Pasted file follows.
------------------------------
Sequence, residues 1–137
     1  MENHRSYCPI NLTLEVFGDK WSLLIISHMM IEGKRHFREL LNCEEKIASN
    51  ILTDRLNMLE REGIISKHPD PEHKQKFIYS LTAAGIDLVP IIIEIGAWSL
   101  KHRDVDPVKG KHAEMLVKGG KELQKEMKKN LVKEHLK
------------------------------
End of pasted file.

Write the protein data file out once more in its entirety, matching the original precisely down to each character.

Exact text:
Sequence, residues 1–137
     1  MENHRSYCPI NLTLEVFGDK WSLLIISHMM IEGKRHFREL LNCEEKIASN
    51  ILTDRLNMLE REGIISKHPD PEHKQKFIYS LTAAGIDLVP IIIEIGAWSL
   101  KHRDVDPVKG KHAEMLVKGG KELQKEMKKN LVKEHLK